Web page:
Thursday April 23rd, 2009

To say the Rangers lead this first-round series 3-1 is a bit misleading. Really, it's Henrik Lundqvist 3, Washington Capitals 1.

The goalie is carrying this New York Rangers team on his back, as he made 38 saves and led them to a 2-1 win Wednesday night in Madison Square Garden (BOX |RECAP). He's stopping virtually everything he sees -- and even what he doesn't -- and is taking his team to the brink of what could be the most unlikely upset of this first round.

"I think he saved the game again," Washington winger Alex Ovechkin said. "All I can say about him: He's great right now."

Despite outshooting the Rangers, 39-21, (and they've done that in each of the first four games), the Capitals can't seem to solve the New York goalie. Everything they are throwing his way, Lundqvist is seeing, and everything he sees, he stops.

"The key is to let Hank see them and then get rid of the rebounds," said Rangers defenseman Wade Redden.

There is no real logical explanation for how a team that has outshot their opponents by 50 over four games could be facing elimination in Game 5, but sometimes hockey defies logic. And so does Lundqvist. Even with Ovechkin's best efforts, which he showed in Game 4.

"Sometimes you fight it, and you open up and create holes," Lundqvist said. "But when you're confident, you're patient, and a lot of times you let the puck come to you and then you can just react."

That's how he explained his two magnificent gloves saves of Ovechkin, who tried to carry his team himself in much the same way. Spending 28:47 on the ice, more than any other player on either team, offense or defense, Ovechkin tried everything he could to get the win. He double-shifted every power play. He took 11 shots on Lundqvist, and even though he scored early in the third to cut the lead in half, it just wasn't enough. It's not logical that the best player in the NHL, doing everything he's done in this series, is down in this 3-1 hole.

But who needs logic when Lundqvist's got instincts?

Sean Avery just can't seem to help himself. After Monday night's game, where he took five penalties including a 10-minute game misconduct, the winger committed two rather nasty offenses in the third period. The first, with 10:21 left in the period, was particularly harsh. As Avery and Milan Jurcina crashed into the endboards chasing the puck for the icing call, Avery extended his right arm, which swung back and nailed Jurcina square in the face. The butt-end of the stick appeared to still be in his right hand, but the important thing is that Avery made it look accidental -- at least to the people in the stands, and they were irate, calling for the referees' heads. Even though the Capitals were on the power play, they had to do it while 18,200 fans sang "A-hole" from the stands.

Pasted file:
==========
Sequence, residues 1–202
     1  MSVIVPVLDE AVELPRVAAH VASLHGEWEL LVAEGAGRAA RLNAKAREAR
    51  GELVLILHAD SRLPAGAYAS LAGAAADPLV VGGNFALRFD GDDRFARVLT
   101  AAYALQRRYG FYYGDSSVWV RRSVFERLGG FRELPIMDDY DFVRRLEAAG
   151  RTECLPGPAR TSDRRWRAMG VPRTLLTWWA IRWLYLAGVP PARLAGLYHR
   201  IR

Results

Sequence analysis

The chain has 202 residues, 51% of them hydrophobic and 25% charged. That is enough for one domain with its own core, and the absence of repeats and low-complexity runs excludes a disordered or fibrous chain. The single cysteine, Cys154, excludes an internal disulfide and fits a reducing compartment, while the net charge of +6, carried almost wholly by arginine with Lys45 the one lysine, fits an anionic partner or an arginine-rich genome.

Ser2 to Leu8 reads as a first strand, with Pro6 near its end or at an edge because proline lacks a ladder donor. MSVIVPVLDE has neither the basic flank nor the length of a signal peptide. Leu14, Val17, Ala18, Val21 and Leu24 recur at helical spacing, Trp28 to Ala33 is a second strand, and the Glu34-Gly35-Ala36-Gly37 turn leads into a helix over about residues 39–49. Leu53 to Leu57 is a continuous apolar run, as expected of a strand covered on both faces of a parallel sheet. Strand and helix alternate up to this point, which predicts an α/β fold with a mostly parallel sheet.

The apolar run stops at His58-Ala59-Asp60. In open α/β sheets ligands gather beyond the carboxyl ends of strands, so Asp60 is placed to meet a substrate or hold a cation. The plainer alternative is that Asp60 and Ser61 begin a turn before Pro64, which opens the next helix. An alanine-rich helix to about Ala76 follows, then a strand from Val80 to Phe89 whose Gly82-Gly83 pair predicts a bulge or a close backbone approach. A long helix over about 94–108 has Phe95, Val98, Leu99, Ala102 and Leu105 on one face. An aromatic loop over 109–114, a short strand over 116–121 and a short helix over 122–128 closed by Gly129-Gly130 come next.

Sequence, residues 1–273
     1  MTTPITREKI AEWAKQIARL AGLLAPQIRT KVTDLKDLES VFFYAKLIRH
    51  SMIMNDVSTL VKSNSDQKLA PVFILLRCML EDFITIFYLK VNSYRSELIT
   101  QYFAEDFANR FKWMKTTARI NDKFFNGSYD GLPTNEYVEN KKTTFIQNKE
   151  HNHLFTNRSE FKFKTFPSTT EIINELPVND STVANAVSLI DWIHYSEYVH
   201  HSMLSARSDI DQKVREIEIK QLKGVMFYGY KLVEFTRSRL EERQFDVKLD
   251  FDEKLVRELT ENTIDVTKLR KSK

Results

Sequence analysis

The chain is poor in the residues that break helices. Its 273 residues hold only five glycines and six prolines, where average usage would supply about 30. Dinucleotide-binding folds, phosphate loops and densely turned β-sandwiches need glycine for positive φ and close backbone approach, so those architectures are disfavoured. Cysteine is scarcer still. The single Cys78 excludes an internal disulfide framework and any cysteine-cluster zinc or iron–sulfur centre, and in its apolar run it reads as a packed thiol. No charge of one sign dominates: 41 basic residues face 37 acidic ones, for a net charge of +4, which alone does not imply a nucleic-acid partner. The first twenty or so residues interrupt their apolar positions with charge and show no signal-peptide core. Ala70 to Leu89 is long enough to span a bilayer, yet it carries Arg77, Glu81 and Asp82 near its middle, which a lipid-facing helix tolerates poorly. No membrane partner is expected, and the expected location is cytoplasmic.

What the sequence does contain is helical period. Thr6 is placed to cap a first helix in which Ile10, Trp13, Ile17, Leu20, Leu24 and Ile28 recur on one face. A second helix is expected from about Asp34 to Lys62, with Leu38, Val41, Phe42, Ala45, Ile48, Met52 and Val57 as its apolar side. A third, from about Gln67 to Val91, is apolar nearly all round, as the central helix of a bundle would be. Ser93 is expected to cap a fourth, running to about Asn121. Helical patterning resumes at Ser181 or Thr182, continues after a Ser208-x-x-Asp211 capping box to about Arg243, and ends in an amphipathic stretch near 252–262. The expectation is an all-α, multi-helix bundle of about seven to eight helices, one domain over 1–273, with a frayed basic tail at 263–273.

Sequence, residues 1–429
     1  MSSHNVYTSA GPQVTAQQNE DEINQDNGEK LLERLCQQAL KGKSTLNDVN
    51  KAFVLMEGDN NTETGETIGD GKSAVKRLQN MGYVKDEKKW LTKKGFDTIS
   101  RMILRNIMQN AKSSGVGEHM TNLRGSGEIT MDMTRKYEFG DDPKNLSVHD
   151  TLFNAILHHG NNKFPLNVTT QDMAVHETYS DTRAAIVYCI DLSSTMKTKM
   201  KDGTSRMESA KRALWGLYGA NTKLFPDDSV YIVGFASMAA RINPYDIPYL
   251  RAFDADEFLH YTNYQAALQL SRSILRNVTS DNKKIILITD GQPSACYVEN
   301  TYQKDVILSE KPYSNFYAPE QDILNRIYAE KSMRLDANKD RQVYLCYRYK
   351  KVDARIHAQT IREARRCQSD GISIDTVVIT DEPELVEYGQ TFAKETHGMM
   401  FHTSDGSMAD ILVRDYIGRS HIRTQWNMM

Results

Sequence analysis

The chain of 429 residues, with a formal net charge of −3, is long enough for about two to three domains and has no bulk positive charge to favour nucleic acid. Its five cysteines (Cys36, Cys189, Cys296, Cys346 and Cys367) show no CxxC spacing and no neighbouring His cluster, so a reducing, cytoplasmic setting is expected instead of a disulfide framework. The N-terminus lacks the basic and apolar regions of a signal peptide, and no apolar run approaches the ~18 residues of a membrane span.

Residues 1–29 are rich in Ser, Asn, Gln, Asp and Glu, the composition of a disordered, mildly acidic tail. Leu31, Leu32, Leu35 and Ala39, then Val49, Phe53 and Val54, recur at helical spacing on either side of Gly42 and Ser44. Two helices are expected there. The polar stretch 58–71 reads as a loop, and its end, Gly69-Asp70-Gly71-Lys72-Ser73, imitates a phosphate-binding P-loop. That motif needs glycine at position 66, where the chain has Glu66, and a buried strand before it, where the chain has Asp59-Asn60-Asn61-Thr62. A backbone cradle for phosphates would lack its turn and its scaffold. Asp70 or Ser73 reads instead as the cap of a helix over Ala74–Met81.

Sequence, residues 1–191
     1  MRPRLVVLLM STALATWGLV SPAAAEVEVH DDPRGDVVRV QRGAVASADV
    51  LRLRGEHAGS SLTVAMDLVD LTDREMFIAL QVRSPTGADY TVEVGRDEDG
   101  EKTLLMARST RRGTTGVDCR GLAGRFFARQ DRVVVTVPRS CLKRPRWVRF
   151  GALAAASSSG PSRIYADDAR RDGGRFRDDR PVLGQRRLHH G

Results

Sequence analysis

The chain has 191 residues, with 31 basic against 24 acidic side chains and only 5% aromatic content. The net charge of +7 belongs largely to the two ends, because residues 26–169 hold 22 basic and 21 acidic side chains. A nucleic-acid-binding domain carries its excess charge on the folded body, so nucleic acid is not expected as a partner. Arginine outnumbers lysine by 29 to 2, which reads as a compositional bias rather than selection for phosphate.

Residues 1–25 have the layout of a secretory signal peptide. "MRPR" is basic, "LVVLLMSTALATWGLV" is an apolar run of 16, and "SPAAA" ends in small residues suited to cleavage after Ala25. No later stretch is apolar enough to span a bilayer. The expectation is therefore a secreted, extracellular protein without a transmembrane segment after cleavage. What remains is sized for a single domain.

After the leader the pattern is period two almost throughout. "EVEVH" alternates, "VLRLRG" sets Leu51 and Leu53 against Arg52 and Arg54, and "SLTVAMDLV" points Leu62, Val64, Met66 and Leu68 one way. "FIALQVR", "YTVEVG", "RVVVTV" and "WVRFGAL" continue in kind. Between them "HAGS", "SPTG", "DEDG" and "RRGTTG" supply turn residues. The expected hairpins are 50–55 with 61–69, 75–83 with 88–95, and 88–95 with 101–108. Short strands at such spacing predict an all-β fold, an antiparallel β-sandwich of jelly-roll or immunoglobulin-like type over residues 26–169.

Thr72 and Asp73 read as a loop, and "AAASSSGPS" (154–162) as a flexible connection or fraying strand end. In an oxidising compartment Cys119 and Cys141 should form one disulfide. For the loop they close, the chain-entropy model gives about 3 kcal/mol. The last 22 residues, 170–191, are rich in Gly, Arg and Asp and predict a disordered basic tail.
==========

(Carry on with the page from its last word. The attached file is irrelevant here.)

John Tortorella didn't say much about Avery and his penalties, but he wasn't happy. He told reporters after the game that he wouldn't comment on it, but there were a number of things he wasn't happy about. "We are going to have to improve in a number of areas, starting with our discipline," he did say. "I don't know how many penalties we had. That is too good of a power play to be in the box."

Chris Drury, who has been playing with an undisclosed injury since the end of the regular season, scored his first goal of the playoffs. Drury, who seems to be nursing a hand injury, lobbed a shot (looked more like a saucer pass, really) at Simeon Varlamov, who went to catch it in his glove. But the goalie mishandled it, and left the rebound in front for Drury to knock in. "I knew the guys were going to give me a hard time on the first shot," says the captain. "I've just been trying to chip in wherever and however I can.... I got a good break and got one in."

• Ranger youngsters Ryan Callahan and Brandon Dubinsky led New York forwards in ice time with 22:16 and 19:36 respectively. That's at least six minutes more than the 13-plus minutes put up by Scott Gomez, Nik Antropov and Markus Naslund -- the big-time names with the salaries to prove it. "It's not about salaries, it's not about draft picks, who you are, it's about getting the job done," Tortorella said. "[Callahan and Dubinsky] deserve to be out there."

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